Mark Fistric was another Oiler injured in Monday's loss to the Canucks when he attempted to catch Canucks rookie Jordan Schroeder with a hip check at his own blue line. The 6-foot-2, 233-pound defenceman missed and crashed into the boards along the Oilers bench instead.
"Any Edmontonian would know that when you slip on the ice and fall on your tailbone, it hurts," laughed Fistric. "That's basically what this felt like, but a lot worse. Not only did I hit the tailbone, but it was the way I hit the boards. I jammed my back and it went into a spasm. Right now I'm assessing it each day as it loosens up and I'll go from there. Today I felt really good.
"I knew right away that something was wrong because my breath went away and I couldn't stand straight up. Anytime you have something in your back go wrong, you get a little nervous, so I'm glad it was just a spasm and nothing too serious."
JONES GETTING CLOSER
Ryan Jones has ditched the full-face shield (also known as "the bubble") and is now practicing with a regular half visor.
The 28-year-old still doesn't have a timeline on when he may return to the lineup, but says each day on the ice is a step in the right direction.
"That's a question for the doctors," laughed Jones. "It's a question that I haven't really asked. I know that it was scheduled to be about six weeks of healing and after that, you go from there. We're coming up on that timeline.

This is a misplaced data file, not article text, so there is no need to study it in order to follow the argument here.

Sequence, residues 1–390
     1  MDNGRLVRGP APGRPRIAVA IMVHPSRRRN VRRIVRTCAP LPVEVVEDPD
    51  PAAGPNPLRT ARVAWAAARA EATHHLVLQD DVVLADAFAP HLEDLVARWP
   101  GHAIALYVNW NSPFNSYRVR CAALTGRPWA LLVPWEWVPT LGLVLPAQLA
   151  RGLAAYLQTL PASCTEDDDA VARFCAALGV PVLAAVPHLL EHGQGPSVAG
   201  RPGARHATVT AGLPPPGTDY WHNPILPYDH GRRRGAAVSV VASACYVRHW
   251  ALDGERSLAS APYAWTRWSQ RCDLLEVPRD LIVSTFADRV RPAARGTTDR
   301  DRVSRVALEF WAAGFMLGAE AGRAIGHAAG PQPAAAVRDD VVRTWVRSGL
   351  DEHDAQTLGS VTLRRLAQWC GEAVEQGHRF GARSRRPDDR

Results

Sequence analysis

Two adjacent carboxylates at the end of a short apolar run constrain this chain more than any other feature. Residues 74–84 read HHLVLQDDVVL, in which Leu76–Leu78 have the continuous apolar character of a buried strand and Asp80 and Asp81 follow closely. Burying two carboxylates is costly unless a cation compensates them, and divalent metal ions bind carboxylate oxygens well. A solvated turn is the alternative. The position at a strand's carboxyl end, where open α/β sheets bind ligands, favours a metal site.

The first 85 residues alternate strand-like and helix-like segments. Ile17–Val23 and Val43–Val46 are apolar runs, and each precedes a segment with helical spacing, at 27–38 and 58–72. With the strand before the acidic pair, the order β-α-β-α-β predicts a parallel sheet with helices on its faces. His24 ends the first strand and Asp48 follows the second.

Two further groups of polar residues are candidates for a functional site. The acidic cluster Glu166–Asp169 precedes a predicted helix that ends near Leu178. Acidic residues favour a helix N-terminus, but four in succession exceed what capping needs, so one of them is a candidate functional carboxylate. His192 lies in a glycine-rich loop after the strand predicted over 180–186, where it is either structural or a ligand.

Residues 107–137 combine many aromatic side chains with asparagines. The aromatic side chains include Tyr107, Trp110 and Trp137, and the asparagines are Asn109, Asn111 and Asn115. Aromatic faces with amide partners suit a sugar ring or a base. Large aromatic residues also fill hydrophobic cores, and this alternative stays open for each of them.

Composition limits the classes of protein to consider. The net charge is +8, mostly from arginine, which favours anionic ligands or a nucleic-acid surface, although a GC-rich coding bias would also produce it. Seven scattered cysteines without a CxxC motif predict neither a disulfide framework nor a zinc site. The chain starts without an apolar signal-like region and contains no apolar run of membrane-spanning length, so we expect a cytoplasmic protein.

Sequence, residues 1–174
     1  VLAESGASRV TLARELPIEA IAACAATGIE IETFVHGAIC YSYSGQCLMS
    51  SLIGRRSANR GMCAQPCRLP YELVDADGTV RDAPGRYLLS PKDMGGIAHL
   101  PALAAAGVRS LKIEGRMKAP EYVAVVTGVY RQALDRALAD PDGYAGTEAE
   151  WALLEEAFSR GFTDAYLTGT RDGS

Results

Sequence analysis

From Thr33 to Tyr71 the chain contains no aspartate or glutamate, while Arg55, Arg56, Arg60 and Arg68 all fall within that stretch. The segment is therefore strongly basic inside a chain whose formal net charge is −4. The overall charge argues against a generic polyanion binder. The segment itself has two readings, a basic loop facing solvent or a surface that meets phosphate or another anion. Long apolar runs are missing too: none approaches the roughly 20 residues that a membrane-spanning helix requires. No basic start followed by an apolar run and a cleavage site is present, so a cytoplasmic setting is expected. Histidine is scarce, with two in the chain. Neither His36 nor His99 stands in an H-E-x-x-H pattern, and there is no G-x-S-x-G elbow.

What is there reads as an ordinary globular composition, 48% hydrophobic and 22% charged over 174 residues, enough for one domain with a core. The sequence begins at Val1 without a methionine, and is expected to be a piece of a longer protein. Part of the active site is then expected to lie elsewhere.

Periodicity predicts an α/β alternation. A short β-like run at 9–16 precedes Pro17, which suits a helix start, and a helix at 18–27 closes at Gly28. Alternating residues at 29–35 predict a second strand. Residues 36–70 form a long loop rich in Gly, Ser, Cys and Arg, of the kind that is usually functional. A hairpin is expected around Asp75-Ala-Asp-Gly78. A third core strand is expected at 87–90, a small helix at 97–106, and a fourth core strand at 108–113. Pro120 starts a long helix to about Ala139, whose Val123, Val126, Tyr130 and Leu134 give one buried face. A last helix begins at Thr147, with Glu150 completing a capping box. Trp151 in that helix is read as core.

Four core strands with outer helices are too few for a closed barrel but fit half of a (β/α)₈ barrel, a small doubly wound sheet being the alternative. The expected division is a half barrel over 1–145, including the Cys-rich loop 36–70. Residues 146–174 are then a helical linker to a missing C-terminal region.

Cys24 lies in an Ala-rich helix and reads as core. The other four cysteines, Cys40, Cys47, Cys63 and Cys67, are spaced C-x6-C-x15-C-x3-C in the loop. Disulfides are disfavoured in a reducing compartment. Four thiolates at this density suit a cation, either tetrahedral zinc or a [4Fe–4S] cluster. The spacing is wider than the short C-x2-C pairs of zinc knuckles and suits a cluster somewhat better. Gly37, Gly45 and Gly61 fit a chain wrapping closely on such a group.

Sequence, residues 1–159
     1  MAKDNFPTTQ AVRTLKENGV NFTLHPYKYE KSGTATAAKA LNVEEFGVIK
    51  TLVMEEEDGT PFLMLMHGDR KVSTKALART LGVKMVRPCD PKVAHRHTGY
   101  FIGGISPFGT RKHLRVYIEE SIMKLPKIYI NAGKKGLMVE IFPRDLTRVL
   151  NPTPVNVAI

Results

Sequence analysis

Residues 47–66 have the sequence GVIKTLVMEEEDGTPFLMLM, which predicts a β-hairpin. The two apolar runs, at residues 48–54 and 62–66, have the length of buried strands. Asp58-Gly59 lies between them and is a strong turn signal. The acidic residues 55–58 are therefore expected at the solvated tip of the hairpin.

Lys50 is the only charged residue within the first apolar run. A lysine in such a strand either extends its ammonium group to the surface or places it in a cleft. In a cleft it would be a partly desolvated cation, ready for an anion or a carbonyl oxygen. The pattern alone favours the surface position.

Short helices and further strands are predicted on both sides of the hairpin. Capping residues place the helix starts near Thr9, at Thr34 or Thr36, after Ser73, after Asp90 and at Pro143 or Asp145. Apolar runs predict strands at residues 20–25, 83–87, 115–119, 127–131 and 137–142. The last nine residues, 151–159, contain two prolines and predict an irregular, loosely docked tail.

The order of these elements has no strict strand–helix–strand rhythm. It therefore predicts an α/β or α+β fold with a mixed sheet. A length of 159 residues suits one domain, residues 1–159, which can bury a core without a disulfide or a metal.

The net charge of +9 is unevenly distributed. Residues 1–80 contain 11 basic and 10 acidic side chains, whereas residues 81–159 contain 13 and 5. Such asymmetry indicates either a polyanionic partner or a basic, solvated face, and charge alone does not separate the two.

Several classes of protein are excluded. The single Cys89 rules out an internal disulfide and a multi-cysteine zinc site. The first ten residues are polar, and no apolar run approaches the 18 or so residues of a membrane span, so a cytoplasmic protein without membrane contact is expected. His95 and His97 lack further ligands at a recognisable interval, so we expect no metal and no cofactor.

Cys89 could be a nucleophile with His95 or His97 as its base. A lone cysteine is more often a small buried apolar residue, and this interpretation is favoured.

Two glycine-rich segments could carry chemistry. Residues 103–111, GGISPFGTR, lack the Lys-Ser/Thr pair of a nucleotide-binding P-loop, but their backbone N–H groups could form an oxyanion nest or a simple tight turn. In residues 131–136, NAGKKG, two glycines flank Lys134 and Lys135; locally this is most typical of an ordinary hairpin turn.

"I have to see the specialist one more time.
"The feet are coming along great. The hands are about what they were before. So, not great."
Jones has vowed to wear a visor for the rest of his career. While there was once a time when there was a stigma against role players wearing them, he isn't bothered by it by longer after nearly losing an eye.
"It's not uncomfortable by any means," he said. "It's like anything else. You don't really notice it when you're playing. I don't know why the League has gone so anti-visor as opposed to the past, but you're seeing the change now that the young guys have to wear them and there are a lot of young guys in the League."
Veteran defenceman Ryan Whitney was a healthy scratch for the first time in his career on Monday vs. Vancouver. He returned to the lineup last night, but didn't show much improvement and could be back in the press box this weekend.
"We need competition. We need players to be pushed," Krueger said. "When you look at the Ryan Whitney situation, we're working hard with him to have it clear the kind of game we want to play here. The game has changed. We're a high-speed team that wants to maintain that speed. There's a lot more work for the defencemen to do right now than in the past with our pressure forecheck and with the pressure we want to put on teams."
Whitney played a little more than 16 minutes Wednesday. On the game-winning goal 1:46 into overtime, it was Whitney's man (Jaromir Jagr) that danced around him before picking the corner on Devan Dubnyk.
"All we can do to help players when they're scratched is to understand why, to work on these things and continue to get better," Krueger said. "The competition is big and it's tough to stay in this lineup if you don't play the game that we want to play."
-- Ryan Dittrick, edmontonoilers.com | Follow me on Twitter @ryandittrick